- Separated bikeways: $1.5-3M/mile (this would be a welcome but rare circumstance under S.B. 127)
So that leaves us with a range of $20k to $1 million per mile, depending on many factors. Let's assume Caltrans highways tend to be wider than the streets in many cities - this is being generous, because the Caltrans highways covered by S.B. 127 are city streets. But for the sake of argument, let's double the highest estimate in that city, which would be about $2 million per mile.
That is, $2 million to completely rehab the street. Not for adding complete streets elements - for everything.
One source faced higher costs. In their region, they estimated that various segments of one major protected bike lane project ranged from $2 million to $4.3 million per mile. The higher end of the range was for a road segment that was widened - to accommodate more car traffic - and needed major curb and drainage work. The $4.3 million paid for a cement-paved bike lane with landscaped cement medians as protective buffers. The average cost of the project, said this planner, came to about $2.9 million.
For a second there, these numbers almost came close to what Caltrans claims would be its average cost of $4.5 million. And that was for a cadillac of a bike lane that most of us could only dream of. While the style of protected bike lane that kind of money could build would certainly be welcome on some of the highways covered by S.B. 127, they are not often viable because of limited right of way or other issues.
And they are not required by the bill.
S.B. 127, as currently written,
would require the department, commencing with the 2022 State Highway Operation and Protection Program, when undertaking a specified capital improvement project on a state highway or a local street crossing a state highway that is funded through the SHOPP, to include new pedestrian and bicycle facilities, or improve existing facilities, as part of the project.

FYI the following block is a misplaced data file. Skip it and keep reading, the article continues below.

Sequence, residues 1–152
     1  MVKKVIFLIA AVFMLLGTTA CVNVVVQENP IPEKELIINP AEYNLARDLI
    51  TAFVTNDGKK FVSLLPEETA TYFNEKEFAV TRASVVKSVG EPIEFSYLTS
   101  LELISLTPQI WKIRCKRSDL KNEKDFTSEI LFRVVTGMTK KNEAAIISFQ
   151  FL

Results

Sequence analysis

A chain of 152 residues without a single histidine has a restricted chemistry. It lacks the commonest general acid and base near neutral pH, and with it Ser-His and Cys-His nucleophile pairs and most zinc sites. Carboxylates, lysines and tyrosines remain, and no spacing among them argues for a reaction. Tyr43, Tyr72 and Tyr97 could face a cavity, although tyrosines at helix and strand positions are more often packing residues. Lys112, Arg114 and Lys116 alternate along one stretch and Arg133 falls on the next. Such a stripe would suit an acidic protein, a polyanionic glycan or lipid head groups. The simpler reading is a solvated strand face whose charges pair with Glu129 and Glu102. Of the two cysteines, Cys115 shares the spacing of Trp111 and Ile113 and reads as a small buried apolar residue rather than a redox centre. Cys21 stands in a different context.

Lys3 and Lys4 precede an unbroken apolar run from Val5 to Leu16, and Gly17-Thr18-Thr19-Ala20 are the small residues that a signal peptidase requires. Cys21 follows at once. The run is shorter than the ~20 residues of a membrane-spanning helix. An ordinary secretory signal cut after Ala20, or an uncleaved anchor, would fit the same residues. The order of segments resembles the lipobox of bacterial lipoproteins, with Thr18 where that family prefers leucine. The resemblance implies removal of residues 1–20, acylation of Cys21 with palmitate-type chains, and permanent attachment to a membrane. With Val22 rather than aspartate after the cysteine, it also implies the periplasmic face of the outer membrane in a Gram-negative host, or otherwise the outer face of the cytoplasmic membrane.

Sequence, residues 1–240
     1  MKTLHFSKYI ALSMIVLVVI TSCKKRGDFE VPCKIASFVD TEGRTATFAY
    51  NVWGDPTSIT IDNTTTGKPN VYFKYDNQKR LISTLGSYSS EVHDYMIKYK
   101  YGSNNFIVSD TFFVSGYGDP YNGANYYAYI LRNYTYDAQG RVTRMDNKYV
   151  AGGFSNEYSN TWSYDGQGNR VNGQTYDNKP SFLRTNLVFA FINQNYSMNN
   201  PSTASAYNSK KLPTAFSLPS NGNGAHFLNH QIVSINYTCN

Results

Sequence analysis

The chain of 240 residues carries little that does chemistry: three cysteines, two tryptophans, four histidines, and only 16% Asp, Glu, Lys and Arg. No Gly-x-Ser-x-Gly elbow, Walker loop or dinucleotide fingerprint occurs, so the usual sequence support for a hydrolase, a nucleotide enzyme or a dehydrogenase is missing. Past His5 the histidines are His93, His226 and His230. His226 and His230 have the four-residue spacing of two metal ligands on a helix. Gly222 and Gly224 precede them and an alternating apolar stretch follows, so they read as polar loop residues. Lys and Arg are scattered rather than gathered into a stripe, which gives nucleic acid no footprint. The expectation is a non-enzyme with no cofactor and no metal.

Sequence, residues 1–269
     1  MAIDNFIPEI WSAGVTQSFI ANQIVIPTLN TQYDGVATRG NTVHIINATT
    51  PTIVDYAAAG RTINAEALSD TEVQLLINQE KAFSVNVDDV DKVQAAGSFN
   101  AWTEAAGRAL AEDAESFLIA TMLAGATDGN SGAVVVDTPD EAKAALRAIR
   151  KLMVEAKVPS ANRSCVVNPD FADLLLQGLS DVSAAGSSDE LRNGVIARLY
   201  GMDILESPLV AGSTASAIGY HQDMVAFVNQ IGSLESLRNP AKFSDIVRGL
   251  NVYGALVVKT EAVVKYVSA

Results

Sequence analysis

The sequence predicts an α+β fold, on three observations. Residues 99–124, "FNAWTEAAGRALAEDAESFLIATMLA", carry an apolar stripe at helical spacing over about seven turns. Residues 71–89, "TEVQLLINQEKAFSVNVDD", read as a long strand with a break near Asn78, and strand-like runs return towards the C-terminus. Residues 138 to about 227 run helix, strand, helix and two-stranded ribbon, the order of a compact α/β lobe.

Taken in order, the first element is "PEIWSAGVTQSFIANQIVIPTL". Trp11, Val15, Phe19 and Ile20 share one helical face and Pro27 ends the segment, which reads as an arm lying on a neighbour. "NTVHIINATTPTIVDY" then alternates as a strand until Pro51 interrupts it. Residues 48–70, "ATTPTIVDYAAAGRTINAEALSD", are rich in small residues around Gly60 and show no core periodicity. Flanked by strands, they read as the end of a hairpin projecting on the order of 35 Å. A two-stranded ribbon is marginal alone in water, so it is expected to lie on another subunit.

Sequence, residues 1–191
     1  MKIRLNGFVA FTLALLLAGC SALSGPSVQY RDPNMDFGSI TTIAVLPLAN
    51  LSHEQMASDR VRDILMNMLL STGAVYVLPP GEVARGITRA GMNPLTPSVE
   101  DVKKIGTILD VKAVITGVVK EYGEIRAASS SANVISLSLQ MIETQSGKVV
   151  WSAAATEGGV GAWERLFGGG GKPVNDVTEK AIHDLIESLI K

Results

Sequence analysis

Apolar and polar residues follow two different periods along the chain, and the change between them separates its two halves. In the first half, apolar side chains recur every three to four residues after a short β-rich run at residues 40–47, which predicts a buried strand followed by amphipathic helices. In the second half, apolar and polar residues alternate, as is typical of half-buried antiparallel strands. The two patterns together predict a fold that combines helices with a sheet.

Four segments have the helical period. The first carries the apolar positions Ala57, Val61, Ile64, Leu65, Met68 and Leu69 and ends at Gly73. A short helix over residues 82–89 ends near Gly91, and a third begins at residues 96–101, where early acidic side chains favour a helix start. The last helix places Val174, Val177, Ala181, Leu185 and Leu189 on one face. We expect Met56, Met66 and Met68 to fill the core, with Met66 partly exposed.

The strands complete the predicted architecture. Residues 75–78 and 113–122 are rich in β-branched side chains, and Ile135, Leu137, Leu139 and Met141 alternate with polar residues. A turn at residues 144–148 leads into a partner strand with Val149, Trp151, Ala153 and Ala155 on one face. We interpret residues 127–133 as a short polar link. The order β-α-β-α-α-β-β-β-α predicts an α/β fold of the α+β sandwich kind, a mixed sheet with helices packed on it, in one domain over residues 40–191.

It doesn't say "Caltrans must build the best dang facility it possibly can." That would be nice, though, thank you Caltrans.
Note also that the bill requires those facilities be added at the same time that other, car-focused improvements are being made. The FHA handbook mentioned above also points out that adding bike lanes during a resurfacing project is a lot cheaper--up to forty percent cheaper - than doing them as stand-alone projects.
Of course, construction is not the only cost. Planning and design, including public outreach, also add to the overall costs of a project. It is possible, too, that more complex projects would require more intensive public outreach than what Caltrans currently does. And planning and design costs would go up.
But it's hard to get the numbers as high as the $4.5 million average that Caltrans is claiming.
It's possible that one of the issues is that Caltrans is a lot less efficient than cities and counties and regional agencies. One source told Streetsblog that when their city plans projects, they do everything they can to avoid touching Caltrans property, even leaving gaps in crucial safety projects if necessary, so they can avoid having to involve Caltrans in any step of the process. "Caltrans makes everything a lot more complicated than necessary," this person said.
Any way you dice it up, an estimate of $4.5 million per center lane mile for complete streets elements stands out as an extremely padded, high-end estimate. Caltrans' blanket policy may prevent its employees from talking about where these numbers come from "because of pending legislation," but that is hardly a neutral stance.
A very padded estimate communicates a very clear position on "pending legislation" - it looks an awful lot like strong opposition.
Caltrans, this is the opposite of transparency.
Note that none of this addresses the more important question, which is whether safety is worth the investment.